The head shimpan asked the replay guys what they saw and he got a big fat shrug in return, so the replay guys were no help to him. "The ruling on the field must stand" is not a thing in Japan. Maybe it should be, but it isn't, if a shimpan said he saw something the gyoji didn't, they have to go with that. The guy who said he saw the heel touch suggested maybe they vote on it, but the others told him, no we didn't see anything, we can't vote, you must call it now.

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40 minutes ago, Amamaniac said:

Amidst all the confusion at the top of the banzuke, I will be watching the results of a Day 14 matchup in the Makushita Division.  Takaranofuji secured the championship today, but Hoshoryu (Asashoryu's nephew and according to the intrepid John Gunning a potential future star https://www.japantimes.co.jp/sports/2019/05/24/sumo/sumo-101-mongolians/#.XOg-my2B2fe) will be going up against a taller, heavier, and more-experienced Kizenryu.  Both men have 3-3 records.  Only one of them will walk away with a KK.   It is still questionable whether a KK would propel either man up into the Juryo Division in Nagoya.  But up is usually better than down.  The 20 year-old Hoshoryu seems to be on his way up, whereas the 34 year-old Kizenryu seems to be nearing the end of his lengthy career (i.e., down?).

Given my track record when I make an open prediction I will probably be wrong as can be, but Kizenryu's upright style leaves him prone to one of Hoshoryu's trips and I'll call Hosh by one of those. 

Hoshoryu has impressive skills but I think he needs to add size and develop his conventional sumo techniques more. 

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5 minutes ago, Katooshu said:

Given my track record when I make an open prediction I will probably be wrong as can be, but Kizenryu's upright style leaves him prone to one of Hoshoryu's trips and I'll call Hosh by one of those. 

Hoshoryu has impressive skills but I think he needs to add size and develop his conventional sumo techniques more.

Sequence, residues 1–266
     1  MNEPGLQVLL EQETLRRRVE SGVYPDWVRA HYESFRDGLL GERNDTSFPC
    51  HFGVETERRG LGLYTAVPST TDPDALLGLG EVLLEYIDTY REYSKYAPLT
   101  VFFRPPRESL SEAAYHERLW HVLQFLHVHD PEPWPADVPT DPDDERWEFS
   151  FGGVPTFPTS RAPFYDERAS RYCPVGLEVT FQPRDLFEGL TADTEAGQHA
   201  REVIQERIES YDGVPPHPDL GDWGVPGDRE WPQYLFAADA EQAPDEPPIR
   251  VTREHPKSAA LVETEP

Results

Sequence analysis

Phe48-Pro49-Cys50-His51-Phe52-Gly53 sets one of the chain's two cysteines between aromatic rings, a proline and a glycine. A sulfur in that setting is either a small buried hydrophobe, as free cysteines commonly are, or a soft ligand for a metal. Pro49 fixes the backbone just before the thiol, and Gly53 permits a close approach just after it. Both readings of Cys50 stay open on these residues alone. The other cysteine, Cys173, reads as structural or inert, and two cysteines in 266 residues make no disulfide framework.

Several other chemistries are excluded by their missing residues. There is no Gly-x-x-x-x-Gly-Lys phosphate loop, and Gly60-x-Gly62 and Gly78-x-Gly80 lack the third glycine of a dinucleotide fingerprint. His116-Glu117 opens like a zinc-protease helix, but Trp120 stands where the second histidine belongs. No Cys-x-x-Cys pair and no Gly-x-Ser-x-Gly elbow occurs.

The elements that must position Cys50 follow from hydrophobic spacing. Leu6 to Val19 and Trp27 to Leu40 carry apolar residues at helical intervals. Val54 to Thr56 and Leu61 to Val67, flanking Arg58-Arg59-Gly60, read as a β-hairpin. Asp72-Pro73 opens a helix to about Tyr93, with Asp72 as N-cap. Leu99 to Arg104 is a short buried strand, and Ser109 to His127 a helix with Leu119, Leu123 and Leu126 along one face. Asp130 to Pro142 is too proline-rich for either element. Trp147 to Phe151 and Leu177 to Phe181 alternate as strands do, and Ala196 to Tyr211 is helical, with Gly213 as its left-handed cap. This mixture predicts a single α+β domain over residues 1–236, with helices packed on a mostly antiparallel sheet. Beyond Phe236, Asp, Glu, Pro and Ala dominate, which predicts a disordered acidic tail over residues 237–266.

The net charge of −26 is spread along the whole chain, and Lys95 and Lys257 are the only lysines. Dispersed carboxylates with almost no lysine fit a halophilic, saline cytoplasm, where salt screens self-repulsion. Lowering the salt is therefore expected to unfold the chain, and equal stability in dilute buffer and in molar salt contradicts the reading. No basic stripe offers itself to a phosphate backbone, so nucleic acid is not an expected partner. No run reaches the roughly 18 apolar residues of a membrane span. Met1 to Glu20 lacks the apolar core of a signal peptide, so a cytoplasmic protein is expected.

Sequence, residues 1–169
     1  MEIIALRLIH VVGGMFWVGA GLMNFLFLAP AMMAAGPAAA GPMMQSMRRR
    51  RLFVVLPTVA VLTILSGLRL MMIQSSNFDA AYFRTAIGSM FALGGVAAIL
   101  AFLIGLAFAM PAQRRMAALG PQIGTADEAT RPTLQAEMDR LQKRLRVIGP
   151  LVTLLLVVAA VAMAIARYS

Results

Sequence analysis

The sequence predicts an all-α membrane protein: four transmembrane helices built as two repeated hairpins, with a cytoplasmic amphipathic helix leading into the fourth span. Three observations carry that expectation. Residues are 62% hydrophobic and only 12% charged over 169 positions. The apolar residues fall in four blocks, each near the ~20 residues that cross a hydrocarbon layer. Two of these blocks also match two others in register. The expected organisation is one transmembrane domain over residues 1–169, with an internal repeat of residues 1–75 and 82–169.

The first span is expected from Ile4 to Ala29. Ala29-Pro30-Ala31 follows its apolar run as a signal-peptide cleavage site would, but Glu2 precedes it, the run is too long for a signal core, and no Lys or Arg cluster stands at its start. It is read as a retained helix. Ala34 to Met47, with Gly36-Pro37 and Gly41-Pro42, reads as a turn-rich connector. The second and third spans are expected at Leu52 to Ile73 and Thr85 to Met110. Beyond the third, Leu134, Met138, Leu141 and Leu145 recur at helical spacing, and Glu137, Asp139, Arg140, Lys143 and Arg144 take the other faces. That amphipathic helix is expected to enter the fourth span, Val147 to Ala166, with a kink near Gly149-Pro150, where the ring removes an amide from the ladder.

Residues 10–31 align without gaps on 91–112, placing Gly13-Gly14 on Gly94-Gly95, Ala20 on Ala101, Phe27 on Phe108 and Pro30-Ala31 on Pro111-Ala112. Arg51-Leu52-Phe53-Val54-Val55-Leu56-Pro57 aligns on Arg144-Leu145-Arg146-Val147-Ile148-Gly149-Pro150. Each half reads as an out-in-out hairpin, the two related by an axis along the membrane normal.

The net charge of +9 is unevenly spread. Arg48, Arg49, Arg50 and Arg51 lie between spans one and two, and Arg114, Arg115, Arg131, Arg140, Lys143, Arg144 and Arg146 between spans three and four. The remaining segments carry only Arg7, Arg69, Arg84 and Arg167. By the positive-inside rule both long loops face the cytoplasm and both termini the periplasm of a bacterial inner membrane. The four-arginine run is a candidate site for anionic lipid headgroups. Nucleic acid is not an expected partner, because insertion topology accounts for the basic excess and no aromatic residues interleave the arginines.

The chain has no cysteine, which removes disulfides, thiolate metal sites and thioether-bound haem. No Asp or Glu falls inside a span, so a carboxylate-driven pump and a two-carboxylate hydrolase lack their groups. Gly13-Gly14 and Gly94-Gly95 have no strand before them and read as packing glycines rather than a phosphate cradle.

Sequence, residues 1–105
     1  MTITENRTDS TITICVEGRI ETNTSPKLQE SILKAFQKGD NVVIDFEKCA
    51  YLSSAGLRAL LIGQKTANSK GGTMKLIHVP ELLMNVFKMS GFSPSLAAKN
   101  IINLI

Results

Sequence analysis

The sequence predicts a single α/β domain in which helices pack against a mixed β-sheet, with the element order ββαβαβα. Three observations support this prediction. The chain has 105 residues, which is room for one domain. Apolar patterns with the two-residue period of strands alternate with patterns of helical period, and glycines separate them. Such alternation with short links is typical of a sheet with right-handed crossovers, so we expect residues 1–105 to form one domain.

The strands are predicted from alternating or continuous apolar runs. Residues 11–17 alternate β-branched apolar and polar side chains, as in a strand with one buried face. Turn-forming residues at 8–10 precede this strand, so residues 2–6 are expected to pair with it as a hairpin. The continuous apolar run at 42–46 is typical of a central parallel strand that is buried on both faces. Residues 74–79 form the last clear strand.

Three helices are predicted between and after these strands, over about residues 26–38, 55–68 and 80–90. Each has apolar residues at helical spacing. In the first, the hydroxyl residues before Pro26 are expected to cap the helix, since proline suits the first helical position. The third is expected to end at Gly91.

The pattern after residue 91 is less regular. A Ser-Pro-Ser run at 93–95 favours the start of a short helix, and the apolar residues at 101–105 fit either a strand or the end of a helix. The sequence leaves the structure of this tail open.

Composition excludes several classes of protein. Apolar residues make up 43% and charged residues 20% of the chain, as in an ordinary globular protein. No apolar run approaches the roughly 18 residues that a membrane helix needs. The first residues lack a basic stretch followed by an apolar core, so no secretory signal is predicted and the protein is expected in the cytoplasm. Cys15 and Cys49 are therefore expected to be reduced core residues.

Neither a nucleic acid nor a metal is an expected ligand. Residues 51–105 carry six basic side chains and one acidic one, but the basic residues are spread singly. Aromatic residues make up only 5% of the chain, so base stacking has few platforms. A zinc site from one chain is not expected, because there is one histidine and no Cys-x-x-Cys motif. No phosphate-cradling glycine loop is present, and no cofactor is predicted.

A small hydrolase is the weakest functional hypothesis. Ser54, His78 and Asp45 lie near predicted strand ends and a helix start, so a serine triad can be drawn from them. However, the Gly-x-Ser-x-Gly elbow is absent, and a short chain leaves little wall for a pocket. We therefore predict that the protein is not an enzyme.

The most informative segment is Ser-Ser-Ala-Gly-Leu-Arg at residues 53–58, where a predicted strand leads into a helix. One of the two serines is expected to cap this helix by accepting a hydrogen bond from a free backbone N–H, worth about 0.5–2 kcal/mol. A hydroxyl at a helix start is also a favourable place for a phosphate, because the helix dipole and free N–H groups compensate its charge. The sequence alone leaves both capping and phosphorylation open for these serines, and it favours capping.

What I like about him is that he seems highly motivated (hungry, in other words).  

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I thought you could clearly see sand shoot up from Tochinoshin’s heel in the HD video. I also thought he had some of a hansoku going on there, so I’m not really that mad about the loss.

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Just now, ALAKTORN said:

I thought you could clearly see sand shoot up from Tochinoshin’s heel in the HD video. I also thought he had some of a hansoku going on there, so I’m not really that mad about the loss.

I would like to see video evidence to confirm Tochinoshin's heel touched down. I haven't seen it yet. There was no hansoku.

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10 minutes ago, ALAKTORN said:

I thought you could clearly see sand shoot up from Tochinoshin’s heel in the HD video. I also thought he had some of a hansoku going on there, so I’m not really that mad about the loss.

Tochinoshin's sagari hit the sand close to where his heel was, perhaps this is the sand you see. 

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Mr. Gould has a video on this, with some historical context. https://www.youtube.com/watch?v=GrKrNEveL1I

I've watched the footage multiple times, from multiple angles and at varying qualities. I don't see Tochinoshin's heel touch in any of them. 

 

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5 hours ago, Pandaazuma said:

Tochinoshin couldn't put a Maegashira out as an ozeki should? Straight away? Should an ozeki rely on video evidence and shrill nobheads on social media?

Tochinoshin will show he is an ozeki tomorrow, or possibly on Sunday. If he doesn't he isn't an ozeki.

That’s not how sumo works. Kakuryu has given up two kinboshi this basho. Is he not a Yokozuna because he couldn’t best two maegashira? Sumo is a sport of the finest margins. Even the best lose from time to time to surprise opponents. Moreover, Tochinoshin did beat Asanoyama anyway.

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Posted (edited)
49 minutes ago, Rigel said:

After reading the fuller explanation on tachiai, I'm a little more sympathetic to the shimpan. If there's anyone to blame its either the replay technology, or the replay officials for being too timid or untrained to quickly make and argue the best call.